I like teachers. My three sisters are teachers in the public schools. They are all very good teachers; Teri won teacher of the year in her district. Two of my wonderful brother-in-laws are, or have been, teachers. One of my nephews just got accepted to Teach for America. His brother also wants to teach when he leaves college next year. Just this week, Joy and I went to parent-teacher conferences at our two kid's schools, one elementary and one middle school. We liked every one of the teachers we met and think our boys are lucky to have such good public school teachers. I like teachers.
But what I am learning from conservatives these days, especially the hosts and commentators for Fox News is that public school teachers are greedy. They went into their profession for the money and really only have part-time jobs anyway. Funny, I never noticed before that my sisters, their husbands, and now their kids are going into teaching to get rich and have an easy life. I've even learned, from these shows, that teachers are really the ones responsible for our deficit -- public school teachers like those in Wisconsin who are members of teachers' unions with the right of collective bargaining.
I hope you all will watch the segment of Jon Stewart last night where he talked about all this. He shows amazing clips of FOX News talking heads blasting the teachers for being greedy, only having part-time jobs, making more than their private sector peers, and creating the deficit with their other public employee union friends (watch out for those firefighters and cops too).
Of course, as is often the case, Fox gets its facts wrong. Public-sector employees don't make more than their private-sector counterparts, especially when you account for educational levels. But facts never deter FOX opinions.
Teachers are rich, Fox says, making upwards of $50,000 per year and, adding excessive and undeserved benefits gained by coercive and budget-busting benefits, their packages can go up to $75,000 in some cases! But then Stewart showed some other Fox clips, often from the very same talking heads during the tax cut debate. They were defending those who make over $250,000 per year, saying that they should continue to get the Bush tax cuts. "$250,000 is not rich!" said the same Fox talking heads. These people have families to feed!
One FOX commentator then pointed out the difference between bankers and teachers, by saying the latter get public taxpayer money and the bankers and CEO's make their own private money. But Stewart pointed out a little thing called the bank bailouts of billions of dollars of tax payer money to these people. Whoops. And what did the bankers do with our money? They used it to make themselves even richer during this economic crisis, while most middle-class people (including teachers) are really struggling. Then Stewart showed more clips, again, of the same FOX commentators who are now screaming about teachers, saying just a few months ago that it was even wrong to put salary caps on the CEO's of banks and corporations that we bail out with tax payer dollars. We will lose them! Their companies won't be competitive unless we keep paying those outrageous salaries! At that point, I lost it, and thought of words in my head that preachers are not supposed to say. Good thing I was at home watching Comedy Central and the kids were in bed.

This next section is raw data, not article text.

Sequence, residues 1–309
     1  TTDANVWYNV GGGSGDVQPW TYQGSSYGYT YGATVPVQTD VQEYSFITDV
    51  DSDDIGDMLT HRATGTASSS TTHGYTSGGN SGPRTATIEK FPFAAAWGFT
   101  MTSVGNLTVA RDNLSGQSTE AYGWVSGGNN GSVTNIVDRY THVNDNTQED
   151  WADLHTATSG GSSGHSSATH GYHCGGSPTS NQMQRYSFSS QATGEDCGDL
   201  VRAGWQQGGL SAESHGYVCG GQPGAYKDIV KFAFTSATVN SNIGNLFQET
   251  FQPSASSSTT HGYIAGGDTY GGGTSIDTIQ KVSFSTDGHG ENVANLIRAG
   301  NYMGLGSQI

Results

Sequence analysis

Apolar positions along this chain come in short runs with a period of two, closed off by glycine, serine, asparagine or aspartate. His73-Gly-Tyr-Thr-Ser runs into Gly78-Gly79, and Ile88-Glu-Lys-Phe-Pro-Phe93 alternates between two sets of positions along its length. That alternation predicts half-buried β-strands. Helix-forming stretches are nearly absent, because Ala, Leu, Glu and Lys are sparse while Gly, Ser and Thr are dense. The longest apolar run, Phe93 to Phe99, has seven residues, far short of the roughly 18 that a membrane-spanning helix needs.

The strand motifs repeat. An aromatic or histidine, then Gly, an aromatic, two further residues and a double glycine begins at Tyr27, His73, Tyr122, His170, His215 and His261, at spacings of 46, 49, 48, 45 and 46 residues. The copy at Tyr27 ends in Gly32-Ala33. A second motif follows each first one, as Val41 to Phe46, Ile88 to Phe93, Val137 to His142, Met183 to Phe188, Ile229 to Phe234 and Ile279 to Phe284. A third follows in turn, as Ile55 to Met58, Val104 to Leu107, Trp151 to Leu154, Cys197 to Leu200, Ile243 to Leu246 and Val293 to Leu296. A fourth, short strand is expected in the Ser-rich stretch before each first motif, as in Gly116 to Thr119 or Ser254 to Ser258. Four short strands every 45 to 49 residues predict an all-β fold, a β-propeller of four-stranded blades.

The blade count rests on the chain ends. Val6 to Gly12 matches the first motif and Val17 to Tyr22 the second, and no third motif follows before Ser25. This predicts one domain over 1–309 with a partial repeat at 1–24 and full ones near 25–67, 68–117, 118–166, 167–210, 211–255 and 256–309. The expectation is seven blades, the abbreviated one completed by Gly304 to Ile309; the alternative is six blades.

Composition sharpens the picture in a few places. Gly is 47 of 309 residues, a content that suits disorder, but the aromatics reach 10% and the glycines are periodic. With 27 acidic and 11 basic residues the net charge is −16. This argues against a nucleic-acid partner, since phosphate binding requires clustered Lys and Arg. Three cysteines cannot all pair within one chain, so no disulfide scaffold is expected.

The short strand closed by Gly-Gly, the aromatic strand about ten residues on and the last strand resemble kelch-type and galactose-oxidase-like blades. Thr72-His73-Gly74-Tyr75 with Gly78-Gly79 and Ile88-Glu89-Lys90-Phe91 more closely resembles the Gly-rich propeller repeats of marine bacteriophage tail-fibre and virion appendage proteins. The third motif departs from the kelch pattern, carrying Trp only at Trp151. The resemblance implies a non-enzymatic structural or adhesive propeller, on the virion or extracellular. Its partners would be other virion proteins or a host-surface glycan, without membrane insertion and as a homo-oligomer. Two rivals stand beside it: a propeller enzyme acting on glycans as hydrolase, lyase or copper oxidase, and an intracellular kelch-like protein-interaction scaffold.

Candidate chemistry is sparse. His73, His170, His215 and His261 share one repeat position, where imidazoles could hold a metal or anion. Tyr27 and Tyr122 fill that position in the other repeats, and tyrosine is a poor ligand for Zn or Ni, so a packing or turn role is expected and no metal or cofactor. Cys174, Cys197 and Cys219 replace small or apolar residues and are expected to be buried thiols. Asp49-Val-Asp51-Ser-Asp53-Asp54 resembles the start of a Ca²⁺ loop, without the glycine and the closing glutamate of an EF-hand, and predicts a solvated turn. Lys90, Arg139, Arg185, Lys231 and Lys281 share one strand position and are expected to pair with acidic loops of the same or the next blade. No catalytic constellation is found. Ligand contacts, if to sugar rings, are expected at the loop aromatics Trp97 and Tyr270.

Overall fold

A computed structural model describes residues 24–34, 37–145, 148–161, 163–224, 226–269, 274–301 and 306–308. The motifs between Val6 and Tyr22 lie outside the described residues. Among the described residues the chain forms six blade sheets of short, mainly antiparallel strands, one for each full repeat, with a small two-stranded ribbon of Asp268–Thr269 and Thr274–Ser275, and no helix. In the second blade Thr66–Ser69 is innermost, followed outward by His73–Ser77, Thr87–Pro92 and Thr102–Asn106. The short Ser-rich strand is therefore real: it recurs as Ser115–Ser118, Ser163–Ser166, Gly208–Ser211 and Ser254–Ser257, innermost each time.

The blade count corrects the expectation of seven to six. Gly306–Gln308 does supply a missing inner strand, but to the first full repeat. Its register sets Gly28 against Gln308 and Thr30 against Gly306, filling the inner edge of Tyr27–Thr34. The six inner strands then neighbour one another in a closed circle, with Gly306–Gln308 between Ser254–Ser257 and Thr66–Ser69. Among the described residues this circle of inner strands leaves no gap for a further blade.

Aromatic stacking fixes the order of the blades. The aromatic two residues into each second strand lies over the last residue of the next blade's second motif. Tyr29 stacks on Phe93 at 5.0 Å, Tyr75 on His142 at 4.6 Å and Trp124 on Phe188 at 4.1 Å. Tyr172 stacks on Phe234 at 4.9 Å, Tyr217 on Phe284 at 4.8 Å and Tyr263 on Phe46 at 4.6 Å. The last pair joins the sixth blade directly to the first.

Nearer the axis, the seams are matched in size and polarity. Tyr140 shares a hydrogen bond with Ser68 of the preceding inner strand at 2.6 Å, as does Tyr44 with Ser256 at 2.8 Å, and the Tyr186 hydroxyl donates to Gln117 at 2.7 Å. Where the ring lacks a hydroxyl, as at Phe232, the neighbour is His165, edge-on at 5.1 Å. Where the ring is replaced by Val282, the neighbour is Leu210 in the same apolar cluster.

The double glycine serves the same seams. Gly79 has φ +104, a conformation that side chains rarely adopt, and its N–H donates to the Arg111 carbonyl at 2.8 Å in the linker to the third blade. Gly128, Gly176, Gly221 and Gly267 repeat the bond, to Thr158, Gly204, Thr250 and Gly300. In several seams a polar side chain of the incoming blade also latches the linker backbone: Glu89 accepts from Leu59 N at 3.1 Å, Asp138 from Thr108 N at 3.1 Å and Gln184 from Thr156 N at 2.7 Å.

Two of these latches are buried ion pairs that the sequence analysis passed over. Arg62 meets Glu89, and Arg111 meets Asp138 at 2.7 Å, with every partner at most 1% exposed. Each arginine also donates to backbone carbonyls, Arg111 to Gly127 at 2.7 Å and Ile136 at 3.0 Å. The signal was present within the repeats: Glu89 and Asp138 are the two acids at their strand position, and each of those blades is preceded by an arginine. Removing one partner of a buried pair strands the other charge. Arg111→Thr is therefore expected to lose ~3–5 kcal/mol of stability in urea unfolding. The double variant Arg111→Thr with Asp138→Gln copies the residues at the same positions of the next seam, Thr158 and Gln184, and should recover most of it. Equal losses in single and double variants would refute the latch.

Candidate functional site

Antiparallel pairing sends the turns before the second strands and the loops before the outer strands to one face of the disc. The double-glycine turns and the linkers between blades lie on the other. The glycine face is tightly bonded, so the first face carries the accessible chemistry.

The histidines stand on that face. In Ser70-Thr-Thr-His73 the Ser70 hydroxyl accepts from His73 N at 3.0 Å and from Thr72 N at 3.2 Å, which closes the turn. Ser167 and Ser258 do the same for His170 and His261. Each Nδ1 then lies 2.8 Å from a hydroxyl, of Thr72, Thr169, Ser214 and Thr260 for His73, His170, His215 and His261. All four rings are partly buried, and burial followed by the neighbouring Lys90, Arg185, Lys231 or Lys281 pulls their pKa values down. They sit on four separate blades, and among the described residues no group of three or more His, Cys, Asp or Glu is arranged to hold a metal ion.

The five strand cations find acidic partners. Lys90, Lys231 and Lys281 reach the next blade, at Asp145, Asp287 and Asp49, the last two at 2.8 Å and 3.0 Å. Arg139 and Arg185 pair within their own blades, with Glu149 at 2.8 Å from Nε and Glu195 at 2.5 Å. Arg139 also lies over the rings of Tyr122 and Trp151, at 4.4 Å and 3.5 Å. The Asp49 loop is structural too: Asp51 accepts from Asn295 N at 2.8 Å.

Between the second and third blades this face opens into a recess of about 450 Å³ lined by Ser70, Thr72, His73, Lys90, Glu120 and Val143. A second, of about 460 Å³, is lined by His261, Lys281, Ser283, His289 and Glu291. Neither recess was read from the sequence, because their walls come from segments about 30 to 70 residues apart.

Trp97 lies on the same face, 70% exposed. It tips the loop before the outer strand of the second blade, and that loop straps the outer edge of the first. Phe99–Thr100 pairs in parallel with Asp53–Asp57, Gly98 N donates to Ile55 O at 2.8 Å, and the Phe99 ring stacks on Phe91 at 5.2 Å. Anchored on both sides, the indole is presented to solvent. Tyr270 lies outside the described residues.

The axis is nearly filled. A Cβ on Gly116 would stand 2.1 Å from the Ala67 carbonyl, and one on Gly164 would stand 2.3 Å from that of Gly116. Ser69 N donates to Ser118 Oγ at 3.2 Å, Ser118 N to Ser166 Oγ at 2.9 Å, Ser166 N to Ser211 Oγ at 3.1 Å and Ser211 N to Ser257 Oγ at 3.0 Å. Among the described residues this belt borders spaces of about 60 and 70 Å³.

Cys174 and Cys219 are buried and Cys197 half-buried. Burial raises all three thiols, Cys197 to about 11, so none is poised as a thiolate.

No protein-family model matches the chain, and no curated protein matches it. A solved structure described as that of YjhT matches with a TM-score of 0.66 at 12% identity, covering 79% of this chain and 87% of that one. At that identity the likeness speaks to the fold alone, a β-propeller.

This is sheer hypocrisy. And it is the direct, overt, and shameful favoring of the rich over everyone else. That is exactly the opposite of what the Bible tells us to do. FOX and their friends ignore the public largesse we have and continue to lay out to corporate America, their banks, and their military contractors, for example. It's the poor and the middle class who are responsible for our budget deficits. And the rich get a pass -- even bailouts at their current salaries. And, as few even point out, the cable TV talking heads who aim their wrath at the poor and middle class are now themselves celebrities and are virtually all rich themselves. So we have these telegenic, young, and beautiful media elites attacking people like my family members who spend their whole lives with our kids, trying to educate the next generation. This is simply morally wrong and obnoxious, and every Bible believing Christian, and anybody else with good sense and moral judgment should start saying so.
Jim Wallis is the author of Rediscovering Values: A Guide for Economic and Moral Recovery, and CEO of Sojourners. He blogs at www.godspolitics.com. Follow Jim on Twitter @JimWallis.
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